VSAN has been designed as a storage product to be used primarily by vSphere admins. So, we put a lot of effort in packaging the product in a way that is ideal for today’s use cases of virtualized environments. Specifically, the VSAN configuration and management workflows have been designed as extensions of the existing host and cluster management features of vSphere. That means easy, intuitive operational experience for vSphere admins. It also means native integration with key vSphere features unlike any other storage product out there, HCI or not.
  • VSAN is widely adopted, over 3000 customers since launch with some very interesting use cases ranging from Oil Platforms to Trains and now being planned to be deployed on sub-marines and mobile deployment units out in the field.

    The Oil Platform scenario is a “robo” deployment managed through a central vCenter Server leveraging a satellite connection.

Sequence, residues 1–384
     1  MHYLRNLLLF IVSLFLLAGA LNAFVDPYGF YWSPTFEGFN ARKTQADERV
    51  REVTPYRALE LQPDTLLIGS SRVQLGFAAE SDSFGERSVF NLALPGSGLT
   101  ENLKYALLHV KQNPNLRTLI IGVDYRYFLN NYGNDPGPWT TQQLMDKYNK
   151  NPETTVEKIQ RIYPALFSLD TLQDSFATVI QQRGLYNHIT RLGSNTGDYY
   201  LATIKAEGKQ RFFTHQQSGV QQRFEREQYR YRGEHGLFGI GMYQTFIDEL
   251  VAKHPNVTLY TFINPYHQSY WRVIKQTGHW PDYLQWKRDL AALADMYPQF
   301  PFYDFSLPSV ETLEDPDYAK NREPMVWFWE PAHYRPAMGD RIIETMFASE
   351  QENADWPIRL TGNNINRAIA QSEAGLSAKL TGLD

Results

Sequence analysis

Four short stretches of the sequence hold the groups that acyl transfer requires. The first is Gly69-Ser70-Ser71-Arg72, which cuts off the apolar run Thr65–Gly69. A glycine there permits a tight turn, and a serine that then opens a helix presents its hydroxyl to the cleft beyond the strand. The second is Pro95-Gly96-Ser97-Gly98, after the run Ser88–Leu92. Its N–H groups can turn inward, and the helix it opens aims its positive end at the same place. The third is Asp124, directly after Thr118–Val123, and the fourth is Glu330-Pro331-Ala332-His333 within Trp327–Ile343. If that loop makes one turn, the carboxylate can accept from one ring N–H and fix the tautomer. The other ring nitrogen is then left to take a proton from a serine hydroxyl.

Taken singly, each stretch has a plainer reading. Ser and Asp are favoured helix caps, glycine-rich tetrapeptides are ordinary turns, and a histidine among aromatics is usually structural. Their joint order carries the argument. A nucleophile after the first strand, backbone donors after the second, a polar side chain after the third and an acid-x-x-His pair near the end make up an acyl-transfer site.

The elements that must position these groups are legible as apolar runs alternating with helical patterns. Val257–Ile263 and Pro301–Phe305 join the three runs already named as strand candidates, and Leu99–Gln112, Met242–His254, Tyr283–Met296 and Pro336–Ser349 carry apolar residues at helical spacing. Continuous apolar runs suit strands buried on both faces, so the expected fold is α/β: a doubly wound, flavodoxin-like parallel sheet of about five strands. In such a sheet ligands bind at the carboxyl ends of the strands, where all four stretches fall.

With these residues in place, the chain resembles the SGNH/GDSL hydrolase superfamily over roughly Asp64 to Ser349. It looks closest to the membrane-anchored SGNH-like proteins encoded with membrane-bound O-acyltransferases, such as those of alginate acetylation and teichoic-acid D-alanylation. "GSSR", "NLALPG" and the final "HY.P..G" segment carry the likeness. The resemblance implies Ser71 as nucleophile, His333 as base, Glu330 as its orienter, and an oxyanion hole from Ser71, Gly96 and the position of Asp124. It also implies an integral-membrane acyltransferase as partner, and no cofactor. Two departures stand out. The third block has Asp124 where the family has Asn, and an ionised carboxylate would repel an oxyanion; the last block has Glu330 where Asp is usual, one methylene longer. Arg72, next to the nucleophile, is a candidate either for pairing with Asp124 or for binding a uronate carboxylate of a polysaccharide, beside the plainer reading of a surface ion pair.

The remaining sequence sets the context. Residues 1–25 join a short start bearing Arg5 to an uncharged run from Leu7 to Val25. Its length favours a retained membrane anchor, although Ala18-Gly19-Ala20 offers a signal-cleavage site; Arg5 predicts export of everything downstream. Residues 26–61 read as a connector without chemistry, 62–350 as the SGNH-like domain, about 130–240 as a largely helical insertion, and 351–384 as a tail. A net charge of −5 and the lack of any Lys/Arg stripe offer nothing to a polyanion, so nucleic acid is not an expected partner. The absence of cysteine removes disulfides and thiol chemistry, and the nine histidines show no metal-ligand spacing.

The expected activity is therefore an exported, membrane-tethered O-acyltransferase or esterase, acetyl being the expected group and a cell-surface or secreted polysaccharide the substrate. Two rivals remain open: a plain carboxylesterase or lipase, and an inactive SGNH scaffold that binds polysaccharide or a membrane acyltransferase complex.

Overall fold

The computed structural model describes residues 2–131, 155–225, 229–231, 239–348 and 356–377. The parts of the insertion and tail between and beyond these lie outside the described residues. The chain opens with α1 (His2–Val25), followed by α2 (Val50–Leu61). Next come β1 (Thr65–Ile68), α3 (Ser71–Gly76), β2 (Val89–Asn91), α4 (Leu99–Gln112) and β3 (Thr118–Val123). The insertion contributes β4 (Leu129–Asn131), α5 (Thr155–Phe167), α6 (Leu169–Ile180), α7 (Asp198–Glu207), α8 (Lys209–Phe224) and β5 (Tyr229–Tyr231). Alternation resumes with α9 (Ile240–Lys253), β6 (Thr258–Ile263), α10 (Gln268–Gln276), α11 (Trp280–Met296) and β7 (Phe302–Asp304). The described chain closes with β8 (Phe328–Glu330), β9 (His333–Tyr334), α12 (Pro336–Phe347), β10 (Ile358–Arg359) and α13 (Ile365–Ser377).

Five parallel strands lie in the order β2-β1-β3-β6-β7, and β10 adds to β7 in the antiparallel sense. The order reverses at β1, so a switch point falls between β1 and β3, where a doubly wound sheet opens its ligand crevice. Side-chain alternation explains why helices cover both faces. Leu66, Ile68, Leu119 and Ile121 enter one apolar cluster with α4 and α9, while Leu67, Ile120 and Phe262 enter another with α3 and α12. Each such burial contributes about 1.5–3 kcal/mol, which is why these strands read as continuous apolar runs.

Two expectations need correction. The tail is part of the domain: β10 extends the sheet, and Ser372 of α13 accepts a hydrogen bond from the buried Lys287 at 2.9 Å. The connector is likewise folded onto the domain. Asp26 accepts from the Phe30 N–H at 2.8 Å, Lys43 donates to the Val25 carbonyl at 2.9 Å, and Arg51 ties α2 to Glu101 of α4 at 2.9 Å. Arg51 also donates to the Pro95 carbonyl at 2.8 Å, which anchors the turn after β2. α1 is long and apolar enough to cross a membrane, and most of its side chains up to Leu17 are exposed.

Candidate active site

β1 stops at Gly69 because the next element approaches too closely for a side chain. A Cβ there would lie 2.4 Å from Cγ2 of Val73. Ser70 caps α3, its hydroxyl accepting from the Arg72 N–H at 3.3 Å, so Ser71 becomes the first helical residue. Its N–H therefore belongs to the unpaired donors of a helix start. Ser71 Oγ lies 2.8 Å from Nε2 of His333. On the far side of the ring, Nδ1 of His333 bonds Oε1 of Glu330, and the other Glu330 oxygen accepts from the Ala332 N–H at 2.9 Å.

The sub marines and mobile deployment unit story I can’t reveal who this is, but it is very real. Dual datacenter setups in a ship are not uncommon and Virtual SAN is a natural fit here.
  • We were very conservative when we initially launched VSAN – after all, this was customers data we were talking about.
    However, even though we were conservative, our customer were not.
    There are plenty of other use cases. The ones listed on the slide are the most commonly used. It is fair to say that Virtual SAN fits in most scenarios:
    Of course customers started with the test/dev workloads, just like they did when virtualization was first introduced
    Business Critical Apps – We have customers running Exchange / SQL / SAP and billing systems on Virtual San
    Virtual SAN is included in the Horizon Suite Advanced and Enterprise, so VDI/EUC is a natural fit.